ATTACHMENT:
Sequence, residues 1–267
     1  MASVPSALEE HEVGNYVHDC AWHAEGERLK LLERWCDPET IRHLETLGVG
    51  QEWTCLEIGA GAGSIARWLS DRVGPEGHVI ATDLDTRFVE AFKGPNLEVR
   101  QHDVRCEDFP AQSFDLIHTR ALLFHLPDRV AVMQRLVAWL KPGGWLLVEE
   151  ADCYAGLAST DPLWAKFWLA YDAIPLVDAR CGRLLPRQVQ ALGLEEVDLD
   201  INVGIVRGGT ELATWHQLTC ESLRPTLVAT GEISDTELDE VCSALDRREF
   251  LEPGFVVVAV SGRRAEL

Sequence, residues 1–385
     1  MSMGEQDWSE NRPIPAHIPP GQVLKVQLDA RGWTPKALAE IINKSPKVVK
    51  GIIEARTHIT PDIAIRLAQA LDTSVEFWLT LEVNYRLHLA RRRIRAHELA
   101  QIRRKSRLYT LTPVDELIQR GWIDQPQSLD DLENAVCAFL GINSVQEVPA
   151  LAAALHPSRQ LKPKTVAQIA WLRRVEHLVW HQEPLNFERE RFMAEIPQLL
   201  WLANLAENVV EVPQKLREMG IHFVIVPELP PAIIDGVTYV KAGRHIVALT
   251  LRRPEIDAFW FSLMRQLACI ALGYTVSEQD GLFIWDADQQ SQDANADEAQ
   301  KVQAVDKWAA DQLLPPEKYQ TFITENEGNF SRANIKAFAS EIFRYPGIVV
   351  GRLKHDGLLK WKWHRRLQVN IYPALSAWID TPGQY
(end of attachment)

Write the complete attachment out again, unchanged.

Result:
Sequence, residues 1–267
     1  MASVPSALEE HEVGNYVHDC AWHAEGERLK LLERWCDPET IRHLETLGVG
    51  QEWTCLEIGA GAGSIARWLS DRVGPEGHVI ATDLDTRFVE AFKGPNLEVR
   101  QHDVRCEDFP AQSFDLIHTR ALLFHLPDRV AVMQRLVAWL KPGGWLLVEE
   151  ADCYAGLAST DPLWAKFWLA YDAIPLVDAR CGRLLPRQVQ ALGLEEVDLD
   201  INVGIVRGGT ELATWHQLTC ESLRPTLVAT GEISDTELDE VCSALDRREF
   251  LEPGFVVVAV SGRRAEL

Sequence, residues 1–385
     1  MSMGEQDWSE NRPIPAHIPP GQVLKVQLDA RGWTPKALAE IINKSPKVVK
    51  GIIEARTHIT PDIAIRLAQA LDTSVEFWLT LEVNYRLHLA RRRIRAHELA
   101  QIRRKSRLYT LTPVDELIQR GWIDQPQSLD DLENAVCAFL GINSVQEVPA
   151  LAAALHPSRQ LKPKTVAQIA WLRRVEHLVW HQEPLNFERE RFMAEIPQLL
   201  WLANLAENVV EVPQKLREMG IHFVIVPELP PAIIDGVTYV KAGRHIVALT
   251  LRRPEIDAFW FSLMRQLACI ALGYTVSEQD GLFIWDADQQ SQDANADEAQ
   301  KVQAVDKWAA DQLLPPEKYQ TFITENEGNF SRANIKAFAS EIFRYPGIVV
   351  GRLKHDGLLK WKWHRRLQVN IYPALSAWID TPGQY